Winner of the New Statesman SPERI Prize in Political Economy 2016

Tuesday 8 March 2022

Information wars


Contrast public perception in the UK of Putin’s invasion of Ukraine with the US and UK invasion of Iraq. There is, rightly, no attempt to balance the reality of what is going on in Ukraine with Putin’s propaganda. National self-determination for Ukraine is being overridden by the use of lethal force based on the fantasies of empire by one man, or a small group of men around him. But the reality of the Iraq war was not so different. The invasion was the project of one man, George Bush, or a small group of men around him, with the UK following because our Prime Minister thought he should.

Yet with Iraq public perceptions were different, because the misinformation was coming from our own governments. We were told there were stocks of chemical weapons that could be used against us, or at least our allies, whereas in reality there were no chemical weapons. The bigger lie in the US was that Iraq was somehow linked to Al-Qaeda, whereas anyone with any knowledge knew that this was nonsense. We were freeing Iraq from a tyrant, whereas in reality we were undertaking a national rebuilding process with little idea of how to go about it, with what turned out to be disastrous consequences.

Information is crucial, and what information people are given, or choose to believe, can determine the outcomes of elections just as they can determine how wars are perceived. The influence of Russian money on the UK Conservative party, and on certain UK elections, has been public knowledge for many years for anyone who cares to look, but it has taken Putin’s war against Ukraine to make this knowledge more widely known.

We can start with our Prime Minister Boris Johnson. He overruled advice from the security forces (e.g. MI6) and made Evgeny Lebedev a Lord of the realm. Lebedev’s father was the senior KGB spy in London in 1988 and is a pro-Kremlin oligarch with interests in Russia, supporting Vladimir Putin and his annexation of Crimea. Evgeny Lebedev is also one of the UK’s press oligarchs, owning the Independent and the Standard. Johnson even got involved in where the government placed advertising contracts, to ensure his newspapers got a significant share. Johnson’s relationship with him goes back a long way. When he was Foreign Secretary, he slipped his Metropolitan Police protection officers to attend parties at Evgeny Lebedev’s palazzo. Was he compromised in some way at these parties?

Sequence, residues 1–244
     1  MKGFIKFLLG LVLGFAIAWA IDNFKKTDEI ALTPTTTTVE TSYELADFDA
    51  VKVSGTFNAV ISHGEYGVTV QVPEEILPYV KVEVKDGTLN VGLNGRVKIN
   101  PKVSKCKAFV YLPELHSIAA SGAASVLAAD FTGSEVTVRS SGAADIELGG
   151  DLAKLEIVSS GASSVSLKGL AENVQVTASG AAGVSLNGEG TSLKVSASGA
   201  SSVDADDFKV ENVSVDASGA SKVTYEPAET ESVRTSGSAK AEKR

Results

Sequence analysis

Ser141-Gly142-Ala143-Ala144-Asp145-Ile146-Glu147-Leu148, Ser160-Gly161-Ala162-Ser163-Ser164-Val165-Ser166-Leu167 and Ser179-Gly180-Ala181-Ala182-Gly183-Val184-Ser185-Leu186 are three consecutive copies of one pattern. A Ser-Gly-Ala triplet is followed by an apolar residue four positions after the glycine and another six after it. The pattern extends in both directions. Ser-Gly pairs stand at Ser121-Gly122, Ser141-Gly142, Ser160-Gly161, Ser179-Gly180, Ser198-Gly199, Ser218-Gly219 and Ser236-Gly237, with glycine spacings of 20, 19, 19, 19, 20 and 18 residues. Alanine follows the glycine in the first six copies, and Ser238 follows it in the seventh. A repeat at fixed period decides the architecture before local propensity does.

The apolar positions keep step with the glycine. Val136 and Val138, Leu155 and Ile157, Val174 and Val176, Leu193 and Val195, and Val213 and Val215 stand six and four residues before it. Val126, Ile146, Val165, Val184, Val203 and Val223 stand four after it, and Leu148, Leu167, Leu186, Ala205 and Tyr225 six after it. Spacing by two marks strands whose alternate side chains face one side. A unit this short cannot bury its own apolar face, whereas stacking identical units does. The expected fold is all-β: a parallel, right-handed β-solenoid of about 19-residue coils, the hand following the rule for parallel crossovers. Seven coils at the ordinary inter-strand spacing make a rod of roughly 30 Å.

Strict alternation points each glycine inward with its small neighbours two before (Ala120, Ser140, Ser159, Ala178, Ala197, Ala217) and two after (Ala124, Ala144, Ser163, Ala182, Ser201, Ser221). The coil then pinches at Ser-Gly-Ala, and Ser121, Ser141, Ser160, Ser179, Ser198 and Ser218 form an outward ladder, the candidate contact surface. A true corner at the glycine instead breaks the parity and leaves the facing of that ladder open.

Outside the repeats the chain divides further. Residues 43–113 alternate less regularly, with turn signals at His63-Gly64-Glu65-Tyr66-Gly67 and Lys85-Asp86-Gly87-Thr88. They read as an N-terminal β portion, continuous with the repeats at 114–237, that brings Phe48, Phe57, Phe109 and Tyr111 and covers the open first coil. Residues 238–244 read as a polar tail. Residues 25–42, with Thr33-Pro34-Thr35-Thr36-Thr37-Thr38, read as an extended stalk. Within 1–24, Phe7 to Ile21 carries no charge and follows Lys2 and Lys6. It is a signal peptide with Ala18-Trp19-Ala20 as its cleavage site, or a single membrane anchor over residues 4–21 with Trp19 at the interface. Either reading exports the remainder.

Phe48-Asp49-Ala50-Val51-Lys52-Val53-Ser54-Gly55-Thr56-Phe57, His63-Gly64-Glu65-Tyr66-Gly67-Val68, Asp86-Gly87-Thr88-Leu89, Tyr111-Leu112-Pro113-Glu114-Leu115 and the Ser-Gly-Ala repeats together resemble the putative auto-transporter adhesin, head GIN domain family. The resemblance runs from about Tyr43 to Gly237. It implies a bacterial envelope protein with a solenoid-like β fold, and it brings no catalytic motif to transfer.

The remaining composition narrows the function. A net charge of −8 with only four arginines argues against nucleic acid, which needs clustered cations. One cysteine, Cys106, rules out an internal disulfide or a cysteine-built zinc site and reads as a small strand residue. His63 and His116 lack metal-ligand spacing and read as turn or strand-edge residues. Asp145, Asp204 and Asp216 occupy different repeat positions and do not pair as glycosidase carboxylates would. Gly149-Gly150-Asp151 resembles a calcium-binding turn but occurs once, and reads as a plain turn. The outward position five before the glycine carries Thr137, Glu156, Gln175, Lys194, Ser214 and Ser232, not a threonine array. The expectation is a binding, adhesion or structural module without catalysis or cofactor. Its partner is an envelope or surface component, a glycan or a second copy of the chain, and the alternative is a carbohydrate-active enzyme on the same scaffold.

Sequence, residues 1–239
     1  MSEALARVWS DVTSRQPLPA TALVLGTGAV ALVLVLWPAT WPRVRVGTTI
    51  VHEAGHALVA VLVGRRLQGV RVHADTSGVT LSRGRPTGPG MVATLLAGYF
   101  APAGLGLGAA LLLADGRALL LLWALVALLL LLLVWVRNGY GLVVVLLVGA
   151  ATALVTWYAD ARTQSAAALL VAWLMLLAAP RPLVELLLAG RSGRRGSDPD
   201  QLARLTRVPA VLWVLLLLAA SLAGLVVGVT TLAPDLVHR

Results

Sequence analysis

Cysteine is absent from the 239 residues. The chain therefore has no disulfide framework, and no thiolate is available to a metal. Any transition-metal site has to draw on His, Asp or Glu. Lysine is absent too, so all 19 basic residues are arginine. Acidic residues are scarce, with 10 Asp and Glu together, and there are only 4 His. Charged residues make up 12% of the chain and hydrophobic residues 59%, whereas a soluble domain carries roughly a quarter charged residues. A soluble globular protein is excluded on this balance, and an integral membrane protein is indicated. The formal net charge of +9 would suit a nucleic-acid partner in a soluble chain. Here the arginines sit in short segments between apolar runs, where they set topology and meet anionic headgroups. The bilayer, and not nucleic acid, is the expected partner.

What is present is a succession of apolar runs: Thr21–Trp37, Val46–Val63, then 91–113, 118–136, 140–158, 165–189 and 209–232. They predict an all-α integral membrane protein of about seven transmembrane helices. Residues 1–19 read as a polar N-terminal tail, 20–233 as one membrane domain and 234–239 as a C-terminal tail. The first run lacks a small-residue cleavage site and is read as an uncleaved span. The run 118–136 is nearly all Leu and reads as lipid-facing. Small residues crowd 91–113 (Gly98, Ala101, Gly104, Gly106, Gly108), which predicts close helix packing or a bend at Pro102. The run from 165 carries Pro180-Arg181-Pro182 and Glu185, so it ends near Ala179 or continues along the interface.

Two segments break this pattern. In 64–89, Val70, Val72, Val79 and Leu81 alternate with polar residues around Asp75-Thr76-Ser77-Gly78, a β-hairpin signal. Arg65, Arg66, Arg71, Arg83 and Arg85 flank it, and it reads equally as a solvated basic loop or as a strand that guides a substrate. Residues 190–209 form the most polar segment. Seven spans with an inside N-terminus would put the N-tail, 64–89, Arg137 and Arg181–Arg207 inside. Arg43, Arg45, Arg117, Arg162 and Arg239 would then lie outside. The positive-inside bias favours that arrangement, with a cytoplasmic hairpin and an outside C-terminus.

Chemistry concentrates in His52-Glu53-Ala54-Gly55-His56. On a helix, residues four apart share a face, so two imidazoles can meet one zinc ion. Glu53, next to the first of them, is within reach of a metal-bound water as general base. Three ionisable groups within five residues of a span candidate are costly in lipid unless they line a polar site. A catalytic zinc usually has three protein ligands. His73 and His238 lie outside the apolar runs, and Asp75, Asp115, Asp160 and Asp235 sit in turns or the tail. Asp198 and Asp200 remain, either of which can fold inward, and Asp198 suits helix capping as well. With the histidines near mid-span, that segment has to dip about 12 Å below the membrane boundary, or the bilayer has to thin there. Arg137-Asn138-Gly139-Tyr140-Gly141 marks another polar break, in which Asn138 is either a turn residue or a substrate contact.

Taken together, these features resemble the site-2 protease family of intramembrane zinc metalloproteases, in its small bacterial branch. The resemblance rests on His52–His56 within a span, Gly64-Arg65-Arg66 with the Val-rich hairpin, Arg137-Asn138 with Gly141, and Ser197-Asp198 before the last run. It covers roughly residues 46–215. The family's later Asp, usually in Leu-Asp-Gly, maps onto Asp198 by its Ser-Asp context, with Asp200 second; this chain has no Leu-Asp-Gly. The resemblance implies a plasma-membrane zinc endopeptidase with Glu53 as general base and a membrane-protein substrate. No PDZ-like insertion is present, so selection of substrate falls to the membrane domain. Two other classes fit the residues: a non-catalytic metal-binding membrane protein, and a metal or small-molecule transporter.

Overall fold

The Conservative party, and a number of government ministers, have accepted large sums of money from Russian oligarchs. None of this money has been returned by the party as a result of Putin’s war. The party co-chair, Ben Elliot, runs a company providing a “concierge” service for the super-wealthy that has counted many Russians among its clients. He remains in post.

All this matters because we know that part of Putin’s war with the West has involved attempts to influence elections, including the Brexit referendum and Trump’s election as US president. An all-party report on Russian links (the ‘Russia report’) was delayed repeatedly by No.10 Downing Street. It concluded that the government can only say there is no evidence that such attempts have been successful because it hasn’t looked for the evidence, presumably because it doesn’t want to.

If Johnson and the government wanted to show that all this money and influence would not compromise their actions in response to Putin’s war on Ukraine, they have failed miserably.

So far the UK, possibly the only country in Europe to insist on a visa for Ukrainian refugees, has accepted only 50 refugees, just 1% of those who have applied, out of a total of an estimated 1.5 million refugees in Europe as a whole. France accused the UK of a "lack of humanity", saying that 150 refugees were turned back at Calais for lacking a visa.